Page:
homeland creator alex gansa talks season 3 moviescope

Homeland Creator Alex Gansa Talks Season 3 – movieScope

Homeland Creator Alex Gansa Talks Season 3

With TV dramas enjoying an unprecedented popularity, Homeland, which stars Claire Danes as an FBI agent struggling to maintain national security, is leading the pack. As Season Two comes to DVD and Blu-ray, and with Season Three currently showing in the UK and US, the show’s creator and executive producer Alex Gansa takes us behind the scenes of this award-winning drama. Interview: Nikki Baughan

Homeland is an adaptation of Gideon Raff’s Israeli series Prisoners of War. How did you first come across it, and how did you make it relevant to the American experience?

I first heard about Prisoners of War from Howard Gordon, my friend and writing partner. Rick Rosen, our agent, initially approached Howard about adapting the story for American audiences, and Howard felt like it would be a great project for us to do together. We thought the Israeli source material had great potential, but we realised early in the process that some elements of the story would not register in the same way with American audiences. In Israel, the tragic saga of a POW’s family is familiar and accessible, but there are no clear analogues in the American experience. Once we started thinking about Brody as a Manchurian Candidate type character, we saw the opportunity to create a psychological thriller. Through Carrie and Brody we found a way to explore the complexity of America 10 years after 9/11.

One of the show’s most intriguing characteristics is ambiguity; Brody’s true intentions, Carrie’s sanity being painted in shades of grey. Is this reflective of feeling a decade after 9/11?

Absolutely. Many of us look back on some of the decisions the US made after 9/11 and wonder if we’ve gone too far. That’s exactly the dilemma that Saul and Carrie face on a daily basis: a perpetual sense of doubt that the decisions we make might subvert our intentions. While the CIA had virtual carte blanche after 9/11, actions of intelligence professionals are now under heavy scrutiny. In many ways, cynicism has diluted our sense of fear.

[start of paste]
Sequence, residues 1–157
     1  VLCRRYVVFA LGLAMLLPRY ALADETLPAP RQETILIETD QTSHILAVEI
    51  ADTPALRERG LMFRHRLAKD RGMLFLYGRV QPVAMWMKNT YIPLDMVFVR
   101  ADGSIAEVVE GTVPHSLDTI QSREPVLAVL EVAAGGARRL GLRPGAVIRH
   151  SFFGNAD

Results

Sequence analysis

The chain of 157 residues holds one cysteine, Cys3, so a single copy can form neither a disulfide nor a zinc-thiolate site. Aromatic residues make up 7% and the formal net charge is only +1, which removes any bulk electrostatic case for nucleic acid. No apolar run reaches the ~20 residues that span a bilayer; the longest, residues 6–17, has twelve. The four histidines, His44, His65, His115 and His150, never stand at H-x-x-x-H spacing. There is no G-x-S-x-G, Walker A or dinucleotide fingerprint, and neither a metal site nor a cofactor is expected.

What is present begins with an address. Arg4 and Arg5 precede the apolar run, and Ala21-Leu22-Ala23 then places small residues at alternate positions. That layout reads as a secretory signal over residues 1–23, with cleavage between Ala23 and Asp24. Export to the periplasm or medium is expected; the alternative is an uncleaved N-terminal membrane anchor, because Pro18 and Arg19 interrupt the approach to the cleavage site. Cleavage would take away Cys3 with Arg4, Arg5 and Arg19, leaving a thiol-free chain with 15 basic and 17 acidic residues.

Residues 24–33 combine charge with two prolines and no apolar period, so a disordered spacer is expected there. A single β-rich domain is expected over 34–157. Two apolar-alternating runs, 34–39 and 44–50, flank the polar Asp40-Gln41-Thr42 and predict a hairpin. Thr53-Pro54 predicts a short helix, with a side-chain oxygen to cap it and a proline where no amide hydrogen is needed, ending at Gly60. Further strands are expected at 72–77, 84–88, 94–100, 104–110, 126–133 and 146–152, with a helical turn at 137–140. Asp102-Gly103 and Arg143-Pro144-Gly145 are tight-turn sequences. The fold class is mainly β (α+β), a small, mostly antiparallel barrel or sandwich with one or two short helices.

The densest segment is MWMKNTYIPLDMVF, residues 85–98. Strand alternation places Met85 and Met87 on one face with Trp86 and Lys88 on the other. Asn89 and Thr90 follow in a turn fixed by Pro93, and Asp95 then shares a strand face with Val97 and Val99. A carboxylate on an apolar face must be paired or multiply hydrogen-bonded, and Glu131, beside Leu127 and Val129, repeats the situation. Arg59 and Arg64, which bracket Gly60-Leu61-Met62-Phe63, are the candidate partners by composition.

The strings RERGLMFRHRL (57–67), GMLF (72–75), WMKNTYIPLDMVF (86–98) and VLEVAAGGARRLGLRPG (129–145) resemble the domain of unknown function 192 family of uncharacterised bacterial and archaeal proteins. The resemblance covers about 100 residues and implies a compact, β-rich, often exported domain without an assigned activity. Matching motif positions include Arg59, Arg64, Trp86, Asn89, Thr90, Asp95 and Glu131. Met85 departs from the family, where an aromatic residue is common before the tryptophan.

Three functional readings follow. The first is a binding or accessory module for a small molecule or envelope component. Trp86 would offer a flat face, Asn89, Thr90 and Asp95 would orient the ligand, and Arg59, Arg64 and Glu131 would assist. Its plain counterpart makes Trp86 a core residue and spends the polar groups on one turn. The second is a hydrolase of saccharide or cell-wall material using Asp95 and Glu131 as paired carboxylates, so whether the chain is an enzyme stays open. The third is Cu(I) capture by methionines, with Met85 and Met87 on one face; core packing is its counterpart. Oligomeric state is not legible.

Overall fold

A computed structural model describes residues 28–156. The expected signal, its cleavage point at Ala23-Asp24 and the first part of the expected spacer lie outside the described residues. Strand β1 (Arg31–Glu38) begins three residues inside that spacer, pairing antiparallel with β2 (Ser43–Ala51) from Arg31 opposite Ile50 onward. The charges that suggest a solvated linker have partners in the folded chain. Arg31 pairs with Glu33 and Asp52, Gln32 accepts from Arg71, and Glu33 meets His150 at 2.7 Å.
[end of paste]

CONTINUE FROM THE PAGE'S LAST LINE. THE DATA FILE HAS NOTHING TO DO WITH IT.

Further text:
Homeland deals with very deep themes like international politics and religion. How do you ensure a wide audience is never alienated, and do you have official advisors assisting with plot details?

At its heart, Homeland is a psychological thriller. So while our characters encounter complex, morally challenging questions, they don’t have the luxury of dwelling in the moment. I think that cat-and-mouse game is what keeps the audience engaged. We care about getting the details right, and do a significant amount of research in the writers’ office. In fact, we like to joke that we’ve Googled so many sensitive topics that we’ve probably been flagged for some kind of terrorist watch list. Fortunately when we get stuck, we have a number of advisors at the CIA and FBI, mental health professionals, and representatives from Muslims on Screen and Television.

What can we expect from Season Three, now that Brody is on the run after the devastating attack on the CIA?

You can expect the same intensity, but the focus will be different. Brody has disappeared into Carrie’s underground network, and he won’t make an appearance in the first couple of episodes. When we see him, he’ll be in a state that our viewers should find interesting. Saul is the acting director of the CIA, but after the attack on Langley, the Agency’s very existence is threatened. Carrie will be back in the thick of things, but this season her relationship with Saul will be strained to the breaking point.

Homeland Season Two is out now on Blu-ray and DVD from Twentieth Century Fox Home Entertainment. Homeland Season Three is now showing on BBC2 in the UK and Showtime in the USA

Read the full interview in movieScope magazine, Issue 36 (October-December 2013)